2 April 2011

See Naples and DIE! [Italy]

I arrived into Naples to miserable, grey weather. Stepping out of the main station I was surrounded by about 10 African guys all trying to sell me an umbrella. I have seen these guys all over Italy, but in Naples they are like a swarm of locusts. I think they also have some kind of telepathic ability, because before the first drops of rain appear, their fake D&G sunglasses disappear and out come the umbrellas.

After a bit of confusion I met up with my host, Guglielmo, who lead me up a massive hill (OK, it was a small hill, but I had my big backpack on!) and put me on a bus to his place. Guglielmo is an awesome Italian guy studying at the University in Naples. He and his flatmates are great hosts, really helpful and and just cool people to hang out with and chat to.

I finally made it back to Guglielmo's flat, where I met Lucio, one of the flatmates. I spent a while settling in, then made my way back out into the rain. Being such a shitty day I decided to find the Belarusian embassey - as I need to get a tourist visa to enter the country in a couple of months. Several websites confirmed the address, I planned my route, and was on my way.

The first hurdle came at the 'metro' station. I use the term loosely, as it is not really a metro at all, just some kind of overland rail system. But at the same time, more confusing than a normal train station - there were no signs or anything to show you which trains go where. I could tell where where the trains generally went from the station, but there was no indication which was going in which direction. Add to that the fact that when I went to buy a ticket from the machine it just kept eating my money. I tried to tell the woman in the office, but she was absolutely no help. It seems when you can't speak Italian they just do not care.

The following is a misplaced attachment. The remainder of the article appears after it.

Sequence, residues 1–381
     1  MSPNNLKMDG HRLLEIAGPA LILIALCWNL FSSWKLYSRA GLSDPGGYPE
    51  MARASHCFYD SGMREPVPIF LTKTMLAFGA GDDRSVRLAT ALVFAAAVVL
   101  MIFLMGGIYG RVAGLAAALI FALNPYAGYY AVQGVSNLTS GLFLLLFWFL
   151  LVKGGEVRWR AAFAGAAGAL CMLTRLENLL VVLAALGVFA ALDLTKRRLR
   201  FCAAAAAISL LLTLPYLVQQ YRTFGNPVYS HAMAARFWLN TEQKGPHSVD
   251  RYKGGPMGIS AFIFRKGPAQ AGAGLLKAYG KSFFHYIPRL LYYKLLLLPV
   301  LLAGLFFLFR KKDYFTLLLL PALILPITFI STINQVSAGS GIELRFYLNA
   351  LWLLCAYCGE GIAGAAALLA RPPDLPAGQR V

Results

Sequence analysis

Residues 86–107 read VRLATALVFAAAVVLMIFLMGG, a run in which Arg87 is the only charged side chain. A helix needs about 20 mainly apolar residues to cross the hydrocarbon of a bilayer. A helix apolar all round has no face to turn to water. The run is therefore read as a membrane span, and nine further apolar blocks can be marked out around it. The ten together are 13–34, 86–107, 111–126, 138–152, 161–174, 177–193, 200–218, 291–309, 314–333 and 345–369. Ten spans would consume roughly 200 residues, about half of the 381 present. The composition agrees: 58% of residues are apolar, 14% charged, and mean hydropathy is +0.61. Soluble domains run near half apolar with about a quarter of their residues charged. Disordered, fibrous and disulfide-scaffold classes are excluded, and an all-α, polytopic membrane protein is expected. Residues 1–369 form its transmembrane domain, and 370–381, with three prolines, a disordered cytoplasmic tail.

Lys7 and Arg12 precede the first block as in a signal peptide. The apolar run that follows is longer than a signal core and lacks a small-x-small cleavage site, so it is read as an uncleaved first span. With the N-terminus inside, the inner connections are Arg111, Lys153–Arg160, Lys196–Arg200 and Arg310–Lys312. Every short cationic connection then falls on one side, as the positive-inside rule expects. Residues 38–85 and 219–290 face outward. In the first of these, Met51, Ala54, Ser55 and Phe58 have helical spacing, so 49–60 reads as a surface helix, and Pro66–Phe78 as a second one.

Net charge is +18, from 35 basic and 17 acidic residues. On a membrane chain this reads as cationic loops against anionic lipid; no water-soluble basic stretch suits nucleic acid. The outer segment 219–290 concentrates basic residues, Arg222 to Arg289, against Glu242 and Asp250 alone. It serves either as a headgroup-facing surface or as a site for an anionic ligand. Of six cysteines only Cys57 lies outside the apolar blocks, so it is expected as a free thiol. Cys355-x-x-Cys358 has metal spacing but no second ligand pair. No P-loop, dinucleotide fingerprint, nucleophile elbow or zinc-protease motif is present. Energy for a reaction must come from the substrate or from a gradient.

So I found my way eventually, got off at the correct spot, and wondered if I was still in the same city. While Naples is not a clean city (infact it is really dirty! But we will get into that later), but this place looked like a bomb had gone off. There was just stuff scattered everywhere. And it was almost completely deserted. I found the address, but it was just an apartment block. A woman tried to help me, but she did not know where it was, and did not think the embassy had ever been at that address. Great.

Defeated, I headed back to town to meet up with Guglielmo. That evening we wandered for hours, as he showed me all over the city. Guglielmo is a really knowledgeable guy, so was able to give me a bit of history about the city. I found Naples to be a lot more 'gritty' than other Italian cities. There is a lot more graffiti, the streets are not clean... but I did not feel unsafe at all. It is more of a young persons city. There are two universities right in the centre of town and the students fill the streets surrounding. One good thing about being a 'young persons city' is that the food is so cheap! Compared to everywhere in Italy I have been so far, the food costs about half as much. You can get a whole pizza at a pizzeria for about €4! And there is all these awesome little deep-fried snacks for sale. Think potato and garlic balls, fried pasta etc. Afterwards we went back to the flat for an amazing dinner of pasta and meatballs made by Lucio's girlfriend. I also met the other flatmates who were all really friendly, funny people.